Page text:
Republican Romney names Paul Ryan as running mate

 

Mitt Romney introduces running mate Paul Ryan

US Republican presidential candidate Mitt Romney has named fiscal conservative Paul Ryan as his running mate in November's election.

Mr Ryan, 42, is a Wisconsin congressman and chairman of the House of Representatives budget committee.

BBC North America editor Mark Mardell says the decision is a bold and ideological choice.

The Obama campaign said Mr Ryan stood for "flawed" economic policies that would repeat "catastrophic" mistakes.

Mr Romney formally unveiled his running mate before hundreds of cheering supporters at the retired battleship USS Wisconsin in Norfolk, Virginia.

In a slip of the tongue, the former Massachusetts governor introduced Mr Ryan as "the next president of the United States", before correcting himself to say he meant vice-president.

Running mate

Wisconsin Representative Paul Ryan (12 June 2012)
  • Aged 42, Paul Ryan was elected to the House of Representatives at 28 and is currently a Republican congressman for Wisconsin
  • Chairs the House Budget committee, is architect of controversial budget plan to cut spending by $5.3 trillion over a decade
  • Was voted prom king and "Biggest Brown Noser" at school, is a fitness fanatic, and has expressed fondness for catching catfish with his bare hands
  • A practising Catholic, he was born in Janesville, Wisconsin, where he still lives with his wife and three children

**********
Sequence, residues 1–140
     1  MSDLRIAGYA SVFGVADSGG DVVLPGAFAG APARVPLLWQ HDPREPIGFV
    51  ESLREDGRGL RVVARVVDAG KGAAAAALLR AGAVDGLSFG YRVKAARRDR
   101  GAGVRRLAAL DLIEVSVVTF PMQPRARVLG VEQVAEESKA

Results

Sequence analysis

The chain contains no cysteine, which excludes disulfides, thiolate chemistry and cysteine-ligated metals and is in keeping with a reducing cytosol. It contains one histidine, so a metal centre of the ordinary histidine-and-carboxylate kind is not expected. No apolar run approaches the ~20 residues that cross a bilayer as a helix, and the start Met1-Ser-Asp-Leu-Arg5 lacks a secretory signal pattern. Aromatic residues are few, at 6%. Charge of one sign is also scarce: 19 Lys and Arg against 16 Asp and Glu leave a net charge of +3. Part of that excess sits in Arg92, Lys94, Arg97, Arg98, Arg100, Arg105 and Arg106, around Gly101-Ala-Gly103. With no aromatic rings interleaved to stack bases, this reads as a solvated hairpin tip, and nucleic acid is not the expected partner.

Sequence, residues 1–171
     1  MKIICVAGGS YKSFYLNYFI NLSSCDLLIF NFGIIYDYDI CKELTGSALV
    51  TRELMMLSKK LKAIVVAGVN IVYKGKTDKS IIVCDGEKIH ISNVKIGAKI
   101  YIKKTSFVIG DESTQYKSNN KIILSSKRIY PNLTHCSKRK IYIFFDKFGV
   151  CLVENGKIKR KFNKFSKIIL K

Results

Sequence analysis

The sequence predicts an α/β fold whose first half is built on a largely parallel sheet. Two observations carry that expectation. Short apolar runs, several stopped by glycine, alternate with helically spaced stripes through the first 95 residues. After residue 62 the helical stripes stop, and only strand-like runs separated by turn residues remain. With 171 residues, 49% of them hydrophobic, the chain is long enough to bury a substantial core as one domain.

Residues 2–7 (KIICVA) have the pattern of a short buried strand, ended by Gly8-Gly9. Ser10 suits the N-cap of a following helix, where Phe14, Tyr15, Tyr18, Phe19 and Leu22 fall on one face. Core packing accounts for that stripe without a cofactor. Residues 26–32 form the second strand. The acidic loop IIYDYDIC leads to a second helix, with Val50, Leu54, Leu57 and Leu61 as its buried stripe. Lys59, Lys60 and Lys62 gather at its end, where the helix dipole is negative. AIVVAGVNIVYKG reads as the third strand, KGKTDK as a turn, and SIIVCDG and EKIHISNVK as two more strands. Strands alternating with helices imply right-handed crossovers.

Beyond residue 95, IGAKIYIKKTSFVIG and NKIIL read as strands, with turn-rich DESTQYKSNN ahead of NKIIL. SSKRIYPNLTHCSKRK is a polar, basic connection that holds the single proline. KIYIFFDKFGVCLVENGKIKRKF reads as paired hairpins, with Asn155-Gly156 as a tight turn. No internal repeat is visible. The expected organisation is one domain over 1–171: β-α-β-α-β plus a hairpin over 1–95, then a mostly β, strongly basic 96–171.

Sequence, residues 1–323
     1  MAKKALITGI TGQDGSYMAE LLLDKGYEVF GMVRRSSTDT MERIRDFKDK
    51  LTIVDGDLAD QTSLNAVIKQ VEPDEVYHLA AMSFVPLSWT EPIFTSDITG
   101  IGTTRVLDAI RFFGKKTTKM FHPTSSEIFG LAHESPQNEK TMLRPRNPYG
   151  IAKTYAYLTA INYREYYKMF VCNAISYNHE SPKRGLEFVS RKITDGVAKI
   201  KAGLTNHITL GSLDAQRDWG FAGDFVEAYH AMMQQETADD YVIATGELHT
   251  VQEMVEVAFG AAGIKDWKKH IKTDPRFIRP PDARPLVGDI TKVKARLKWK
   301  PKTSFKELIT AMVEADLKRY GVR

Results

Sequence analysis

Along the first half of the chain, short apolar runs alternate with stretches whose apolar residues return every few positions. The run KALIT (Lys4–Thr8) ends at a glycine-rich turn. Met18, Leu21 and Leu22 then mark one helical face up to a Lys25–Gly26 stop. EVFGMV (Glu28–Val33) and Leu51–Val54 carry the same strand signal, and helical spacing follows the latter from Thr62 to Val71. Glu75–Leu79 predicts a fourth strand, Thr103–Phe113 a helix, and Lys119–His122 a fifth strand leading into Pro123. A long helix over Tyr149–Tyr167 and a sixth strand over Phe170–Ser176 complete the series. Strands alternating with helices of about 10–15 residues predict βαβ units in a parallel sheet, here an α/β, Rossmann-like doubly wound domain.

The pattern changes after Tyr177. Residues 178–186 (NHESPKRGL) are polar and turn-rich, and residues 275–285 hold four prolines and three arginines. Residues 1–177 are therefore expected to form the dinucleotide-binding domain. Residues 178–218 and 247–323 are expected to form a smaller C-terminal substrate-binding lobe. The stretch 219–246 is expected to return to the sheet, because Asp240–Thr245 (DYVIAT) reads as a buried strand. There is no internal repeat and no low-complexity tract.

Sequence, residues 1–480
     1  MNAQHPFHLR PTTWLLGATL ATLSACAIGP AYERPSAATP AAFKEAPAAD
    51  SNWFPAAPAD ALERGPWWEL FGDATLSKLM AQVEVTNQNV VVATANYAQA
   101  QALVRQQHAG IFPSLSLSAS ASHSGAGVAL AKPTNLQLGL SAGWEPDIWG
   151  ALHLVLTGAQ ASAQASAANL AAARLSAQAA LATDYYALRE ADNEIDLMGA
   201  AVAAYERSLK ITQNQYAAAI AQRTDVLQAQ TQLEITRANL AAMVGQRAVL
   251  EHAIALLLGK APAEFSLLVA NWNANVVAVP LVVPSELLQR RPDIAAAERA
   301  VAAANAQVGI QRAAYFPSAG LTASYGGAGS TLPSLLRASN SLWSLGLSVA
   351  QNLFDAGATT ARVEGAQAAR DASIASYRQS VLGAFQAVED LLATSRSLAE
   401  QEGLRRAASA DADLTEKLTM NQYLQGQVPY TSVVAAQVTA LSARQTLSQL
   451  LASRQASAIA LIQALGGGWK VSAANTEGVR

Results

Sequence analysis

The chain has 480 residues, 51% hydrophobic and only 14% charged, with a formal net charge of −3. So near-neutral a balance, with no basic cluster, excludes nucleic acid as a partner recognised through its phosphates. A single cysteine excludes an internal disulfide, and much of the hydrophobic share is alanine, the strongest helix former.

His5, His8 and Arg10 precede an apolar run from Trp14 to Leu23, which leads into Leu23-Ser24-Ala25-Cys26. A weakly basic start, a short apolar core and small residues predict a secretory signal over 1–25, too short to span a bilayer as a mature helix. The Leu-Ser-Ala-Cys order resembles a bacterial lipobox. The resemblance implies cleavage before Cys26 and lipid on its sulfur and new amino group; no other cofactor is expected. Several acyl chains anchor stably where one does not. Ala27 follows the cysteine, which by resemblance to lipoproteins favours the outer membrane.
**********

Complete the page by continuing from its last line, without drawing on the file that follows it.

Mr Ryan told the crowd that he and Mr Romney would "restore the greatness of this country".

"Mitt Romney is a leader with the skills, the background and the character that our country needs at a crucial time in its history," Mr Ryan said.

"Following four years of failed leadership, the hopes of our country, which have inspired the world, are growing dim, and they need someone to revive them. Governor Romney is the man for this moment."

Prompting one of the loudest cheers from onlookers, he said: "Our rights come from nature and God, not from government."

Tight race

Mr Romney, 65, is launching a bus tour through four key swing states that he needs to win in November's election: Virginia, North Carolina, Florida and Ohio.

In a little over two weeks' time, he will be formally confirmed as the Republican nominee at the party convention in Tampa, Florida.

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It elevates the tone of debate, but it will be slightly weird to have a VP pick who is more interesting than the candidate, and whose ideas are the ones being debated”

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But recent opinion polls suggest a close race between Mr Romney and Democratic President Barack Obama, with Mr Obama tending to have a slight lead in most surveys.

Analysts say Mr Romney needs to regain momentum after a series of pro-Obama campaign advertisements attacking his record.

Correspondents say Republican leaders were concerned over the state of Mr Romney's campaign, and had urged him to pass over reliable - but not particularly inspiring - figures such as Ohio Senator Rob Portman and former Minnesota Governor Tim Pawlenty, to pick Mr Ryan.

Mr Ryan is best-known for a controversial alternative budget which he produced to counter President Obama's plans in 2011 and 2012.